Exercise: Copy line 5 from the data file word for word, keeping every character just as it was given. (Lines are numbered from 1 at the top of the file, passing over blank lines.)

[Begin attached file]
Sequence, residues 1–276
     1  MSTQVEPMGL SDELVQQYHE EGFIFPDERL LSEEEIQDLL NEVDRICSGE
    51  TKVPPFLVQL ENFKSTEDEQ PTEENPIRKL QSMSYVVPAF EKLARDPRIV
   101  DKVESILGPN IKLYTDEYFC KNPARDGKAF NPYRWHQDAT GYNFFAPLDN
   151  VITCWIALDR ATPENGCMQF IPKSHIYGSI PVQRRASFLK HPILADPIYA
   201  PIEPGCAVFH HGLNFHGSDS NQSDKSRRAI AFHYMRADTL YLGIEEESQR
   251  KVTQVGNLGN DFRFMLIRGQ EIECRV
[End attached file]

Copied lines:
   151  VITCWIALDR ATPENGCMQF IPKSHIYGSI PVQRRASFLK HPILADPIYA